The Canadian securities industry banked an estimated $4.8 billion in operating profits last year, up about 27% from 2012, but the vast majority of those profits are going to the large, integrated dealers. The industry’s boutiques are still struggling to get by.
According to the most recent industry letter from Ian Russell, president and CEO of the Investment Industry Association of Canada (IIAC), overall industry profits were up handsomely last year.
At this point, the IIAC only has complete data for the first nine months of 2013, but extrapolating those numbers until the end of the year, it projects a significant jump in total operating profits. Moreover, it notes that its estimates are likely conservative, given that the wealth management business was bolstered by strong equity markets in the last quarter of 2013.
The big firms continue to account for the lion’s share of the industry’s profits, the IIAC estimates their collective profits at almost $3.9 billion, up about 20% from 2012. Institutional firms actually saw a stronger rise in profits, up an estimated 33.5% to over $800 million. And, while pure retail firms only brought in about $150 million in profits, this represents a turnaround from the previous year, when they recorded negative operating profits of $18 million.
However, the IIAC says that, over the past five years, the industry has generally seen relatively strong earnings at the large firms, and weak results among the boutiques. It reports that profits for integrated firms rose on average 43% in the last five years, while they declined by 39% in the retail segment, and dropped 67% for domestic institutional boutiques, over the same period.
“The sustained divergence in performance across the firm groupings has triggered a complementary shift in the allocation of shareholder equity,” it notes, with capital flowing into the large firms, and away from the boutiques, over the past few years. And, it expects this to continue this year “from continued losses at the institutional firms, additional firm closures and possible acquisitions of retail firms.”
Looking ahead, the IIAC notes that, while the securities industry has been anticipating an improvement in market conditions to help boost earnings, it may be disappointed. “The reality is that the industry will likely face further challenges this year and next, from continued weakness in small business resource markets, and from stiff competition from the integrated firms in the wealth management business, as well as from the exempt market dealers in arranging financings for small business,” it says.
Next: Exempt market competition
Exempt market competition
The report suggests that investment banking revenues for the institutional boutiques could continue to slide, driving further structural change. “In this environment, the institutional boutique sector will continue to retrench through consolidation, closure and migration of registration to the exempt dealer regime, restricting their business to accredited investors and institutions,” it says.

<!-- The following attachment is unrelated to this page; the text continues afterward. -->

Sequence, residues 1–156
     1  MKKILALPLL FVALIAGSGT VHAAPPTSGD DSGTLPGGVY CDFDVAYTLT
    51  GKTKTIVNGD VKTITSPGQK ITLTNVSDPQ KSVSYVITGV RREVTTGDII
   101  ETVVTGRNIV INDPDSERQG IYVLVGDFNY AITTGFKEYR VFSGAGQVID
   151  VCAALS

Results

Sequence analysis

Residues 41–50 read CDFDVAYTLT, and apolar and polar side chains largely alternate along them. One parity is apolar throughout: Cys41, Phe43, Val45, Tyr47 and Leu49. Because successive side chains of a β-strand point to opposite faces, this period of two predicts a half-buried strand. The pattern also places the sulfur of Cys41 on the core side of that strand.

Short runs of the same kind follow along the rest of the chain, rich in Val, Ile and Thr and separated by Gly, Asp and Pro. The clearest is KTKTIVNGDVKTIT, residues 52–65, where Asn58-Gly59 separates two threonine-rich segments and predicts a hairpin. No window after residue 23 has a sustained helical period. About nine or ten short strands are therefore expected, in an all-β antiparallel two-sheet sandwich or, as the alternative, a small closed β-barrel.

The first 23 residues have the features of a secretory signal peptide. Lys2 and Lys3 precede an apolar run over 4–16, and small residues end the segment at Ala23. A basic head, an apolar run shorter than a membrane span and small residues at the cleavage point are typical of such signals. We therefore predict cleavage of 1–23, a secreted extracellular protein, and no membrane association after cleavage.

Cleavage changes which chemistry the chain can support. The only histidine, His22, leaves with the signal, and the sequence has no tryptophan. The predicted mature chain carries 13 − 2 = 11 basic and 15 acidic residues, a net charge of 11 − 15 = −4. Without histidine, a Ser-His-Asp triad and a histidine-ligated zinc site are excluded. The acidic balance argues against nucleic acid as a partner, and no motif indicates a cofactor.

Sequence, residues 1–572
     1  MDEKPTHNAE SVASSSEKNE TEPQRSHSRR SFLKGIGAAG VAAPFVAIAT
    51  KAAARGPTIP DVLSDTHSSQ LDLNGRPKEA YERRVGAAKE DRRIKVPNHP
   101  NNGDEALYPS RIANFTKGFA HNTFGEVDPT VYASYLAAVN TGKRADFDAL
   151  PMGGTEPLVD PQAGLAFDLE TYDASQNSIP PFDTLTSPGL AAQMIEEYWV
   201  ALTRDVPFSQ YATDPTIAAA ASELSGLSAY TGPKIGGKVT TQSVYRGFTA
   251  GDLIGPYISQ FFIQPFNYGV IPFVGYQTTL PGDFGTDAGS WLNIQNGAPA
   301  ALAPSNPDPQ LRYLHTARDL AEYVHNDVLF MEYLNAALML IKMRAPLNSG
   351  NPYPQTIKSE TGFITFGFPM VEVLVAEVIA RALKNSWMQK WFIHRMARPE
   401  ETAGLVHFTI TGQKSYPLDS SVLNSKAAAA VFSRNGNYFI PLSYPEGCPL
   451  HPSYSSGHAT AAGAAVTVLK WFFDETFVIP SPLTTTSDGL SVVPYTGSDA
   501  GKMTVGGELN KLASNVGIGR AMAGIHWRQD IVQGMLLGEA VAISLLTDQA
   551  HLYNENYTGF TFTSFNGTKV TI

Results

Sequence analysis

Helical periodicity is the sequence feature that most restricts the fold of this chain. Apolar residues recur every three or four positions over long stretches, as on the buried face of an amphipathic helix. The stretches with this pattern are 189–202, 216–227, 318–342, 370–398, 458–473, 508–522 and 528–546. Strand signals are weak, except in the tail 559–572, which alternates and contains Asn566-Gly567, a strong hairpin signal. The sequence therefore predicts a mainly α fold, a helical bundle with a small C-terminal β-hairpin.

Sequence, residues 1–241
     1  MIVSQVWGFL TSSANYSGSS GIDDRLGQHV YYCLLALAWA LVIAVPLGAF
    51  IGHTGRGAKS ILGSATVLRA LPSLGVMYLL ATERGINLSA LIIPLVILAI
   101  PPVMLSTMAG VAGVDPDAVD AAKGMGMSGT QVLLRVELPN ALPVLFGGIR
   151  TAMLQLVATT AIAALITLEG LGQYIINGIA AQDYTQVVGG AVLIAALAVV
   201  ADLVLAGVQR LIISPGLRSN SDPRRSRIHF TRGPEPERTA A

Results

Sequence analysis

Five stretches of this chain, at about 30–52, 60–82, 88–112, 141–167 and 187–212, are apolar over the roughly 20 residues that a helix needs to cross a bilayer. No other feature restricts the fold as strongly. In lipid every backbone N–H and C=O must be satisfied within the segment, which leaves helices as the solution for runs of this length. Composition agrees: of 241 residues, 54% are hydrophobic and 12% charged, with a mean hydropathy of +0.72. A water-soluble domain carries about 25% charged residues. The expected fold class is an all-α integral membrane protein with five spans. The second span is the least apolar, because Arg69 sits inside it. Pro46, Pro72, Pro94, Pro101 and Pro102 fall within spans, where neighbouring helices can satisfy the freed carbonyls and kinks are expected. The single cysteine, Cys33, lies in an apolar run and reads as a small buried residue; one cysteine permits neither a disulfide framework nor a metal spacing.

Indeed, the IIAC notes that the exempt market dealers (EMDs) have emerged as a strong competition in the business of raising capital for small resource companies. It maintains that there’s an unlevel playing field between investment dealers and EMDs, which benefit from a lower regulatory burden.
It notes that the Canadian Securities Administrators (CSA) are adopting reforms, such as the Client Relationship Model (CRM) reforms, that should redress some of that imbalance; but, it questions the ability of the CSA to effectively oversee the large crop of EMDs. And, it supports the CSA’s proposal for a new prospectus exemption (the so-called existing shareholder exemption) as a way to ease the cost for junior issuers to raise capital from existing retail shareholders.
On the retail side, the IIAC reports that retail revenues have risen significantly at the integrated firms over the past four years, outpacing the retail boutiques, where revenue “remains well below 2011 levels”.
It notes that the disparity in revenue growth is partly due to the bank-owned dealers’ acquisitions of independent firms. And, at the same time, strong gains in fee revenue at the integrated firms, which is up 46% over the past five years, accounts for the difference in earnings performance between the big firms and the retail boutiques.
“The rapid growth in fee income, in absolute terms and as a share of retail revenue, reflects the expanding client shift to discretionary managed accounts and the offerings of specialized services, such as tax and estate planning for aging clients,” it says.
At the same time, the integrated dealers have seen costs rise significantly, due in part, it says, to spending on the retail side to meet the rising demands from clients, as they age. Among the boutiques, operating costs have not risen as much, it notes; as they don’t have the resources to spend in order to keep up with the offerings of the integrated firms.
Nevertheless, the IIAC suggests that boutique firms “have an important niche business opportunity offering customized wealth management services to [smaller] clients.” It says that clients with portfolios of less than $100,000 “typically fall under the radar screen of the integrated firms”. And, it suggests that the boutique dealers can exploit this opportunity, by seeking “significant business from clients in the mass-market channel dealing with financial planners.”